The Good Wife has always been great at tackling relevant (and controversial) topics, simply because of its sophisticated storytelling and its ability to remain true to its characters. The show never gets too political. And this week, by presenting its characters’ varying viewpoints, it manages to tackle physician-assisted suicide.
We kick off in a courtroom, where Louis Canning is defending the doctors responsible for giving drugs to a young woman named Alexa. Although Alexa lived in Illinois, she traveled to Oregon to visit said doctors, where physician-assisted suicide is allowed. Suffering from a brain tumor, Alexa asked for the doctors’ help, for which they provided the necessary prescription. Now, her parents are suing the doctors stating that they didn’t properly inform their daughter about a new study by Duke University, which was saving the lives of people with her same brain tumor.
And things only get more complicated when Irving Carver — played by the magnetic Peter Gallagher — asks Diane to step in on the prosecution side of things. See, Mr. Dipple, a.k.a. the reason Alicia is no longer at the firm, requested that Diane take over the case, despite the fact that she, personally, is pro physician-assisted suicide. So essentially, she’d be playing devil’s advocate. But as Irving puts it, “Who knows the advocate’s case better than the devil?”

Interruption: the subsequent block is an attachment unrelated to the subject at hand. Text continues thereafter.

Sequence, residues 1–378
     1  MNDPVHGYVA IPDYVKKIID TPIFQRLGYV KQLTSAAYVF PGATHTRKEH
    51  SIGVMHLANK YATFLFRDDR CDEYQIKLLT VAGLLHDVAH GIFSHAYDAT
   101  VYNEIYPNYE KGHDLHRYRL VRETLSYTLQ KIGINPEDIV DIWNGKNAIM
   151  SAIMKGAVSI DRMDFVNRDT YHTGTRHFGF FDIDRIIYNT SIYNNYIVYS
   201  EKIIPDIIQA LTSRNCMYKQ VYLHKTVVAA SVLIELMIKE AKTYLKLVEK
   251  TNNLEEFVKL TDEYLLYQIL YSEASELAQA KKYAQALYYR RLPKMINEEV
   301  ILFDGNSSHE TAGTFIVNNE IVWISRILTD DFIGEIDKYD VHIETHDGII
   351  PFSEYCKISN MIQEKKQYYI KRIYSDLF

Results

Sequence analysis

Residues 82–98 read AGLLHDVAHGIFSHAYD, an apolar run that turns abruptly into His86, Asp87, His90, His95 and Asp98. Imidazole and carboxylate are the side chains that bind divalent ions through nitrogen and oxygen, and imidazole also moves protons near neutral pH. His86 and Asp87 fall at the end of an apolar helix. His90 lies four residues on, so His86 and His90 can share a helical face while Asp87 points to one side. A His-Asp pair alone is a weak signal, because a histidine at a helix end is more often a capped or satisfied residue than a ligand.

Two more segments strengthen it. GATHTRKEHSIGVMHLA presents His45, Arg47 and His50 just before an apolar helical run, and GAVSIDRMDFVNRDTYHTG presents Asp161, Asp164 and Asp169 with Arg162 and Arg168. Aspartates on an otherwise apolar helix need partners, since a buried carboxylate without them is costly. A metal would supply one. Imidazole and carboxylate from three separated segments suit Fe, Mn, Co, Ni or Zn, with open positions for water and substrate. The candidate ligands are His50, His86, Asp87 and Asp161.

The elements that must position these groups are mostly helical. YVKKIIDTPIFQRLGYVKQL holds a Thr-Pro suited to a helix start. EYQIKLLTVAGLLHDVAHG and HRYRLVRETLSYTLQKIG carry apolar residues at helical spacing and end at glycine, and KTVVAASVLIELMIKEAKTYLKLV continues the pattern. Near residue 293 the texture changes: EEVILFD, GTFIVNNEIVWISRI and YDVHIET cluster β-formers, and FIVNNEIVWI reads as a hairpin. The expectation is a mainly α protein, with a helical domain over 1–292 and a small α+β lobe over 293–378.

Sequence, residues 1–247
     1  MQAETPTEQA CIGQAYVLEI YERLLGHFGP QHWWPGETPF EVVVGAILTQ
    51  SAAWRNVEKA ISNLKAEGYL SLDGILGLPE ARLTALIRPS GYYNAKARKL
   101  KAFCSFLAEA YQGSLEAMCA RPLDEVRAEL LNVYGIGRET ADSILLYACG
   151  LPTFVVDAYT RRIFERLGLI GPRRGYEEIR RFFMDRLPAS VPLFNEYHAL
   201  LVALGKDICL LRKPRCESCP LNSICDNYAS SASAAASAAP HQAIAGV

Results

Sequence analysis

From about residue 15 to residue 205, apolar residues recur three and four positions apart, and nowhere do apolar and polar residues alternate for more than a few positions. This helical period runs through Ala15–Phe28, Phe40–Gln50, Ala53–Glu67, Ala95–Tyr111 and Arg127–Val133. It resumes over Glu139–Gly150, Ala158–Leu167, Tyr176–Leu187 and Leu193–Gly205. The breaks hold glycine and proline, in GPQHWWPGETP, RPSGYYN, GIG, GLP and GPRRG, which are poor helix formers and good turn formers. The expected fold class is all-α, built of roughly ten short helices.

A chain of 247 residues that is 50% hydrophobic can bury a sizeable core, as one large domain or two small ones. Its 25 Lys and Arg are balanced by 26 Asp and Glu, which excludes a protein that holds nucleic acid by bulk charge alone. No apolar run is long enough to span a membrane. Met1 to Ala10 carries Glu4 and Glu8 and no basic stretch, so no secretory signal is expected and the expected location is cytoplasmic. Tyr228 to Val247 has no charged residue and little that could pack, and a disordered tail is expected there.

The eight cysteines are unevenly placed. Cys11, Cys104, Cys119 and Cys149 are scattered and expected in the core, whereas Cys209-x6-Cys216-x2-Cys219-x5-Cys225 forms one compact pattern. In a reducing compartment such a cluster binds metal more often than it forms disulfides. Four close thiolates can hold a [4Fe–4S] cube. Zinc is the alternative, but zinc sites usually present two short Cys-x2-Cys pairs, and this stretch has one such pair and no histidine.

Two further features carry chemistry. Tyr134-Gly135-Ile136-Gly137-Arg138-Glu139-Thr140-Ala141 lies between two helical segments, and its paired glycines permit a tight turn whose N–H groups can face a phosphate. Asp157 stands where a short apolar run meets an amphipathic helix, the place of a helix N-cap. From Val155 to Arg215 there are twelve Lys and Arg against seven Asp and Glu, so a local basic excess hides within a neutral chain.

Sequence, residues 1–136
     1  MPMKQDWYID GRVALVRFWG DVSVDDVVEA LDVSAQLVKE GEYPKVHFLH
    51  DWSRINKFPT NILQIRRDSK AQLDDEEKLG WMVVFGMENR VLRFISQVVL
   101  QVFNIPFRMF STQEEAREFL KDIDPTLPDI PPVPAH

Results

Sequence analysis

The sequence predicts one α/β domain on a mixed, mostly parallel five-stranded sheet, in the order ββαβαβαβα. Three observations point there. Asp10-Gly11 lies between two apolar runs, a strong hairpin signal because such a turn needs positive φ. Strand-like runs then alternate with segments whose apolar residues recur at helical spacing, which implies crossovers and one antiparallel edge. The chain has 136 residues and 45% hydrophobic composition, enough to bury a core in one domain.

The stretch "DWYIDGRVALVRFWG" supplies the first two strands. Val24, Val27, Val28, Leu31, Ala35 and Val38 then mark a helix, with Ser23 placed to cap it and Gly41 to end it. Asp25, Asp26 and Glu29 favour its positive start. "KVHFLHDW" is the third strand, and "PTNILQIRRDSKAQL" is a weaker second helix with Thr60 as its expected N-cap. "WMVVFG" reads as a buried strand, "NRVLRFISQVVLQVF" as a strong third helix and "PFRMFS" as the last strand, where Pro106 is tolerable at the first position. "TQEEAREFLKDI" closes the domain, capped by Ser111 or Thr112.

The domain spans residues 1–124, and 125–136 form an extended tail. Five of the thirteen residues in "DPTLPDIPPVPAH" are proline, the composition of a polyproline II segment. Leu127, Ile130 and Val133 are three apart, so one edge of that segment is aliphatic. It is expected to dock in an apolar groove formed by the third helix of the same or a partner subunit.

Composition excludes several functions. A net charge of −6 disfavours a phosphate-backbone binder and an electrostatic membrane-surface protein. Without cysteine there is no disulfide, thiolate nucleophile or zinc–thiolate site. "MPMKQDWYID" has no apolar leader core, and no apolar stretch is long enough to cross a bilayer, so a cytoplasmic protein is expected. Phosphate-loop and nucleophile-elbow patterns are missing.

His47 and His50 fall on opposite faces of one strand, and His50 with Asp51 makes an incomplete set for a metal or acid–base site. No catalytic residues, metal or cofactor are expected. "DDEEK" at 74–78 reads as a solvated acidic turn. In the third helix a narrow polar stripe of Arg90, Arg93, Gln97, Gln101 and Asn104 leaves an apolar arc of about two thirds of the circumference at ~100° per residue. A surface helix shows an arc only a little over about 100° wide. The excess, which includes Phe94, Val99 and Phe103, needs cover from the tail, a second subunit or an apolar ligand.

Meanwhile, at bond court, Alicia is introduced to perps-by-the-pound, which is a competition that is exactly what it sounds like: The lawyers add up the weights of all of their clients to see who wins. And whoever has the most pounds gets first choice of which days to work.
Not surprisingly, Alicia cares less about games and more about justice. When she overhears a young woman being told to plea guilty despite the fact that she swears on her innocence, she steps in. Minutes later, she’s accidentally stolen a client from a fellow attorney, and more than that, when her client refuses to plead guilty, the judge takes away the rest of her cases. Welcome to bond court, where they care more about being “speedy” than they do about being “fair.”
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After Diane successfully gets her physician-assisted suicide case moved to Illinois, where it’s still illegal, Irving asks that Diane and Cary talk to Alicia. Showing up at Alicia’s apartment — oh how I’ve missed Cary-and-Alicia time — Cary asks Alicia to lobby Peter on the physician-assisted suicide act. If she can persuade him to veto it, it’s her ticket back to the firm, especially considering that Dipple was the reason she had to go in the first place. Alicia, though, claims she doesn’t want to ask Peter for something because he’ll only want something in return. (Isn’t marriage fun?)
Focusing back on the case at hand, which involves a young black woman who’s accused of shoplifting a sweater she says she was trying to return, Alicia calls in Jason Crouse, who might be the best leaner since McDreamy. At the meeting, Maya, the client, claims the store makes it very difficult for people of color to shop there. With that in mind, Jason heads to the store, where he indeed watches another black woman get arrested for doing nothing. He then presents Alicia with a racial profiling case…which leads to her stealing another client at bond court. (Let’s just say they’re not going to throw her a party anytime soon.)
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